Troy H. Middleton
Lieutenant General Troy Houston Middleton (October 12, 1889-October 9, 1976) was a distinguished soldier-educator who served as a corps commander in Europe during World War II and, later, as President of Louisiana State University (LSU).
Commissioned in the United States Army in 1912, Middleton rose to the rank of Colonel by 1918, the youngest officer of that rank in the American Expeditionary Forces. During World War I, Middleton commanded in combat and was awarded the Distinguished Service Medal for actions in the Meuse-Argonne offensive.
Middleton then served at the United States Army Infantry School, Fort Benning; the Command and General Staff School, Fort Leavenworth; the Army War College, Washington, D.C.; and finally LSU. After serving as Commandant of Cadets at LSU, he retired from the Army in 1937 to accept an offer as Dean of Administration and later acting Vice President of that institution.
Recalled to service in early 1942, Middleton commanded the 45th Infantry Division during the Sicily, and Salerno battles, and then in December 1943 moved up to command the U.S. VIII Corps. Middleton's brilliant leadership in Operation Cobra and in the Battle of the Bulge led to his widespread recognition as a Corps Commander of extraordinary abilities.
Retiring from the Army again, Middleton returned to Baton Rouge and, in 1950, was appointed to President of LSU. Middleton continued to serve the Army in numerous consultative capacities. He resided in Baton Rouge, Louisiana, until his death in 1976. His remains were interred in Baton Rouge National Cemetery. The Air Force/Army ROTC building at Mississippi State University, Middleton's alma mater, is named for him as is the LSU library.
Gillespie V. "Sonny" Montgomery
Gillespie V. "Sonny" Montgomery (August 5, 1920 - May 12, 2006) was an American politician from Mississippi who served in the U.S. House of Representatives 1967-1997. Montgomery, who was considered a pro-defense and pro-Veterans Democrat, resided in Meridian, the seat of Lauderdale County, in eastern Mississippi.
Born in Laurel, Mississippi, he attended Mississippi State University in Starkville and was a member of Beta Tau chapter of Kappa Alpha Order. He served in the U.S. Army as a Second Lieutenant during World War II and also in the Korean Conflict. He retired from the Mississippi National Guard as a Major General in 1980. He was the author of the G.I. Bill of Rights that gives Veterans money to pay for college and was a lead sponsor in establishing the Veterans Affairs cabinet level position.
On September 13, 1988, Sonny Montgomery became the first Congressman to lead the U.S. House in citing the Pledge of Allegiance as a permanent part of its daily and morning business operations . The day prior to his death, Congressman Gene Taylor introduced an amendment to House Defense Appropriations Bill to rename the bill the Sonny Montgomery National Defense Authorization Act for Fiscal Year 2007. Following his death, President Bush ordered U.S. flags to be flown at half staff . In addition, the U.S. House of Representatives canceled non-suspension votes on the day of his funeral.
PRESIDING JUSTICE William L. Waller, JR.
Presiding Justice William L. Waller, Jr., a native and current resident of Jackson, is a graduate of Murrah High School and Mississippi State University and received his law degree from the University of Mississippi in 1977. He practiced law with the firm of Waller and Waller in Jackson for over 20 years and served as a Municipal Judge for the City of Jackson. Justice Waller was elected to the Mississippi Supreme Court in November 1996, and reelected in November 2004. Justice Waller assumed the position of Presiding Justice in January 2004.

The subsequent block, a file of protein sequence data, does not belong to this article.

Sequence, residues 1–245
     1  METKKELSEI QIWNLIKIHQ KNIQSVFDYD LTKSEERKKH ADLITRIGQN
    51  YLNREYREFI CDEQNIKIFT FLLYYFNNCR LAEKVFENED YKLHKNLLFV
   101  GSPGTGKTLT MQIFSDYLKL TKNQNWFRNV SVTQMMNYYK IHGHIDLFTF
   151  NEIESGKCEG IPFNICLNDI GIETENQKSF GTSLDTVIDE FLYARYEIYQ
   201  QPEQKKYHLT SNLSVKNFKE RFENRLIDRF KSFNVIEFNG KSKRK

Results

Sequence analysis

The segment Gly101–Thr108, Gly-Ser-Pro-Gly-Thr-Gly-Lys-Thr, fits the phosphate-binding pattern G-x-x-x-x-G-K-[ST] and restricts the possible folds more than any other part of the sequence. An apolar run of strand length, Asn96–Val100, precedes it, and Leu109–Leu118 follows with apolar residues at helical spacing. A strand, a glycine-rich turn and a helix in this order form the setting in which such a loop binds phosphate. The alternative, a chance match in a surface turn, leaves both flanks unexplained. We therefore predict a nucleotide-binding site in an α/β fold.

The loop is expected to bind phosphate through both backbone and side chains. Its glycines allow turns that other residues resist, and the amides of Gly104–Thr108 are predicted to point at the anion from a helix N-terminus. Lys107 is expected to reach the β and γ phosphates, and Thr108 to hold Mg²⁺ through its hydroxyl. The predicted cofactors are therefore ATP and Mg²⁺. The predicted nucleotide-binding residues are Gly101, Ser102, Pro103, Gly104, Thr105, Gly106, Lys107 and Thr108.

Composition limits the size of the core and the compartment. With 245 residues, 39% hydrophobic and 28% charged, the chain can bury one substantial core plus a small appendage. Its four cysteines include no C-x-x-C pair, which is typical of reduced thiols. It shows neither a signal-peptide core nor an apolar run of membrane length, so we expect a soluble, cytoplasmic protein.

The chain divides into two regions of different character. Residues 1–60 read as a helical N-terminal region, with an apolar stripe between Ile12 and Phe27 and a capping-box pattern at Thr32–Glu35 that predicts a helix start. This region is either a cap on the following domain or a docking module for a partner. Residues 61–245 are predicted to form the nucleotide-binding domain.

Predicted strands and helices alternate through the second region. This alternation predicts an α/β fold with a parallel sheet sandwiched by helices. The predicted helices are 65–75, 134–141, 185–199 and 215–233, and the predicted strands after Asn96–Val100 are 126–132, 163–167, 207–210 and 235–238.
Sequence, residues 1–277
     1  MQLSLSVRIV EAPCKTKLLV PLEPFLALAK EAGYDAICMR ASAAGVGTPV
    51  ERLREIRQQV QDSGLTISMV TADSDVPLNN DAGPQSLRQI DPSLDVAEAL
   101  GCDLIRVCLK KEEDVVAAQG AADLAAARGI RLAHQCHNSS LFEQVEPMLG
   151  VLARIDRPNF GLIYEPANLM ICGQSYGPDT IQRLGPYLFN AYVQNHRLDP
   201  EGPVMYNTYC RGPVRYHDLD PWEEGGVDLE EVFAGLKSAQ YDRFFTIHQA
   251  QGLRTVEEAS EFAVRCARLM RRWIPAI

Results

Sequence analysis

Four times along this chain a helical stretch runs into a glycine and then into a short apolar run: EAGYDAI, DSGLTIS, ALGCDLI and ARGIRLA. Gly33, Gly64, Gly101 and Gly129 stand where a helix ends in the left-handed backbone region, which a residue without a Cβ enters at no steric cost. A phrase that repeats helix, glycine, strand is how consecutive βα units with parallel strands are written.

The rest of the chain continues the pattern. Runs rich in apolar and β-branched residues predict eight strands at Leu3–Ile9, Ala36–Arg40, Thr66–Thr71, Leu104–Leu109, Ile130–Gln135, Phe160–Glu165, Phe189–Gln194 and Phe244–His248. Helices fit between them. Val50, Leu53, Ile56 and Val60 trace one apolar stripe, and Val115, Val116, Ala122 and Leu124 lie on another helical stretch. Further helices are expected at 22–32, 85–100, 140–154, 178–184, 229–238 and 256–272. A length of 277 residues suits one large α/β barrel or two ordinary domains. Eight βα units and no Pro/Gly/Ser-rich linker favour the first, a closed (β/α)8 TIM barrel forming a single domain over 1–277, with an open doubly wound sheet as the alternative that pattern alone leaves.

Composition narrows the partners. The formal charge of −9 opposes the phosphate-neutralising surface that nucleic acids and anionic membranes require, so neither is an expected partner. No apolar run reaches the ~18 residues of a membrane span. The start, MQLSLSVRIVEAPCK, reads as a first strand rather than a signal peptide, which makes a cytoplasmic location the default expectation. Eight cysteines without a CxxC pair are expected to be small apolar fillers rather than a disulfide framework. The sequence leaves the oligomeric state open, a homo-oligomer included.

Justice Waller has sought to bring reforms in the administration of justice. He supported adoption by the Supreme Court of mediation rules for civil litigation and served as Chairman of the Mississippi Public Defender Task Force from 2000 - 2005. Justice Waller was principal architect of what became legislation which created the Office of Capital Post Conviction Counsel, the Office of Indigent Appeals and the Comprehensive Electronic Court Systems Fund. Justice Waller serves as Chairman of the Rules Committee. Justice Waller was the recipient of the Judicial Innovation Award for 2003-2004 by the Hinds County Bar Association and the Jackson Young Lawyers Association. He received the Chief Justice Award in 2005 for his work as chairman of a special study committee to develop a statewide e-filing and docket management system.
Presently assigned to the Retired Reserve, Justice Waller served over 29 years in the Mississippi Army National Guard, attaining the rank of Brigadier General while serving as Commander of the 66th Troop Command, Jackson, Mississippi. Justice Waller and his wife, Charlotte, have three children and are members of First Baptist Church Jackson where he has recently served as Chairman of the Deacons.
Mr. Dwight Dyess is President of BancorpSouth in West Point, Mississippi. Prior to moving to West Point, he was Executive Vice President for External Affairs for BancorpSouth. Additionally, Mr. Dyess was President of the Pine Belt Division, where he had responsibility for BancorpSouth's banks in Forrest, Jasper, Jones, Lamar and Wayne Counties. BancorpSouth founded in 1896, is the second oldest and the largest financial institution in Mississippi. Mr. Dyess received his commission in 1972 as a Second Lieutenant from Mississippi State University Army ROTC "Bulldog Battalion", into the United States Army Reserve, with a Bachelor of Science degree in Business Administration and later earned a Master of Science degree in Economics from Mississippi State University. He is a graduate of The School of Banking of the South at Louisiana State University and completed the American Bankers Association National commercial Lending school at the University of Oklahoma.
In West Point, Mr. Dyess is a Board Member and Treasurer of the West Point/Clay County Community Growth Alliance. Also, he is a member of the Rotary Club of West Point.